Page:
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When Dr. Martin Luther King, Jr., spoke at the March on Washington, he described a “fierce urgency of now.” More than 50 years later, his words have renewed meaning.

The COVID-19 pandemic has exacerbated some of our nation’s most pressing challenges. It has opened our eyes wider to the inequity in our world, and at the same time it has also shown that in times of great need, we step up and help our neighbors. We are reminded that, in the face of challenging times, we are stronger when we help one another and march forward, together.

Dr. Martin Luther King, Jr., devoted his life to creating a Beloved Community. He dedicated his efforts to advancing equality, social justice and opportunity for all, and challenged all of us to participate in the never-ending work of building a more perfect union. His teachings have continued to guide and inspire us in addressing challenges in our communities.

Coretta Scott King once famously said, “To me, the Beloved Community is a realistic vision of an achievable society, one in which problems and conflict exist, but are resolved peacefully and without bitterness. In the Beloved Community, caring and compassion drive political policies that support the worldwide elimination of poverty and hunger and all forms of bigotry and violence.”

While much work remains to fulfill Dr. King’s dream of a Beloved Community, the King Center and AmeriCorps, the federal agency for volunteerism and national service, remains committed to the belief that service can unite Americans from all walks of life to tackle our nation’s most pressing challenges. As leaders of these two organizations, we share a commitment to honoring Dr. King’s legacy of service. As you consider how you will focus your time and efforts in this new year, we urge you to pledge to volunteer and give back to your community through 2022.

The upcoming Martin Luther King Jr. Day of Service on Monday, January 17 is your opportunity to start taking actions that will make our communities more equitable and create the Beloved Community of Dr. King’s dream. Observed each year on the third Monday in January, the MLK Day of Service is the only federal holiday designated as a national day of service. During the last quarter-century, the MLK Day of Service has grown and impact has increased as more Americans embrace the idea that taking an active role in our nation makes our communities stronger.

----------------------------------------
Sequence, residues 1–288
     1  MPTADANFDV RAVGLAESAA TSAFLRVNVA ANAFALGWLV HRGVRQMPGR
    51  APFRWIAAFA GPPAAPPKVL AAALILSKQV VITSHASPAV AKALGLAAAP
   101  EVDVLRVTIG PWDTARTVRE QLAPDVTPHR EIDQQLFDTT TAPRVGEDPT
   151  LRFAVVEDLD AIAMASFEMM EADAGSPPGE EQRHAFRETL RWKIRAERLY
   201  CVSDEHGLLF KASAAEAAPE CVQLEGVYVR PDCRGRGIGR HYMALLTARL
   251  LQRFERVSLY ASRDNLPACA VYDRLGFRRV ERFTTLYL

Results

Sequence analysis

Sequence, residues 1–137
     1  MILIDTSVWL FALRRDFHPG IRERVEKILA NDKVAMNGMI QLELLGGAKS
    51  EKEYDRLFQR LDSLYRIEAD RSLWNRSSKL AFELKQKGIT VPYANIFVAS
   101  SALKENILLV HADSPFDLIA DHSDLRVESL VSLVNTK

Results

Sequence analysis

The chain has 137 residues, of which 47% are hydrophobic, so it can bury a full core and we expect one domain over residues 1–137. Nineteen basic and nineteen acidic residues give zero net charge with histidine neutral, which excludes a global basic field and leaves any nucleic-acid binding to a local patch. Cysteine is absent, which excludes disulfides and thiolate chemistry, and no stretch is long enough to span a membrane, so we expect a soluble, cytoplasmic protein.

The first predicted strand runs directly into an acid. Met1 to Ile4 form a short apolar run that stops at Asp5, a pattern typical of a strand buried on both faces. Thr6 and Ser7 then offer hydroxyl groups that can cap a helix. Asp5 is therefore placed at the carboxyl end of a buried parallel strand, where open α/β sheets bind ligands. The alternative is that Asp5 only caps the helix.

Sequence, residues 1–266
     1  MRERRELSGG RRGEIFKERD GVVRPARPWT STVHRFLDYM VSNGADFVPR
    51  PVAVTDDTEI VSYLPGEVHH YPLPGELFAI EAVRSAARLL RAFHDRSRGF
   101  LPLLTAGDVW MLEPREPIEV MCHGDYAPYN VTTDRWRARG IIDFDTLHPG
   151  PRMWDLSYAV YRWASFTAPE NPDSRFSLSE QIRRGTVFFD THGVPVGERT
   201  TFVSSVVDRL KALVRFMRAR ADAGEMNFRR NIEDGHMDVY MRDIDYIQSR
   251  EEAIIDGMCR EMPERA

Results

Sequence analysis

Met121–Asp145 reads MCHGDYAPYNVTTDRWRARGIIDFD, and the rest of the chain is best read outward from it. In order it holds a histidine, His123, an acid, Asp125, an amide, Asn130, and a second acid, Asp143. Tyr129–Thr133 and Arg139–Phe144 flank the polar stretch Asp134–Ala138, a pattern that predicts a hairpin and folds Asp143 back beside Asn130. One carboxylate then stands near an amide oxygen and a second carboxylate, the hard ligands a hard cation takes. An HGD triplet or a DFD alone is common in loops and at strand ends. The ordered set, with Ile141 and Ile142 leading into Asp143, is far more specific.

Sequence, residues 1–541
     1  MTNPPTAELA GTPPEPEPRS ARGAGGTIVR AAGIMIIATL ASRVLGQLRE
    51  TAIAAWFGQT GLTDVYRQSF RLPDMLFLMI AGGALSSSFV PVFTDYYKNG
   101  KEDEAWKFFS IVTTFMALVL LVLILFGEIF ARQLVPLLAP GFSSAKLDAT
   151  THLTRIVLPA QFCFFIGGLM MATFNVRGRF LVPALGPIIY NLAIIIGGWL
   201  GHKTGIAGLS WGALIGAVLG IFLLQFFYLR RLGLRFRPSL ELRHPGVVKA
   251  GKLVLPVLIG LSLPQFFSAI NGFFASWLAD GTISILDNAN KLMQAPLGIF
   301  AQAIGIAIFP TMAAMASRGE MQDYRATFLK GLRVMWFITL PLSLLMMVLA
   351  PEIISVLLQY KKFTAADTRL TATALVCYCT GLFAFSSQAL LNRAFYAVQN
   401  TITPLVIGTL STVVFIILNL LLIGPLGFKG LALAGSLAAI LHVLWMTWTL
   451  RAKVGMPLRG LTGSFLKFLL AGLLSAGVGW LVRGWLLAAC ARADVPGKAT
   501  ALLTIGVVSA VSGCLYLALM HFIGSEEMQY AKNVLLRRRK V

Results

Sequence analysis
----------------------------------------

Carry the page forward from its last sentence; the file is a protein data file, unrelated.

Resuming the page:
MLK Day of Service logo / AmeriCorps

Thousands of organizations step up each year to serve others, both in honor of the MLK Day of Service and throughout the year. Volunteers have cleaned up a public space, mentored a young person or assisted those who are food insecure, to name a few examples. Big or small, what these volunteers do makes a world of difference. Whether virtual or in-person, these service events exemplify the values Dr. King championed, honor his legacy and tackle the challenges our communities are facing.

These volunteers put into action one of Dr. King’s most famous quotes, “everybody can be great because everybody can serve.”

Together we can strengthen communities and transform lives. We can build more equitable and just communities that foster racial equity, expand opportunity, build bridges across differences and create lasting impact for our neighbors in greatest need. Join us and millions of Americans in commemorating Dr. King’s legacy. Commit to serve on Monday, January 17, and pledge to serve throughout 2022.


Michael D. Smith is the CEO of AmeriCorps.

Dr. Bernice King is an American lawyer, minister and the youngest child of civil rights leaders Martin Luther King Jr. and Coretta Scott King.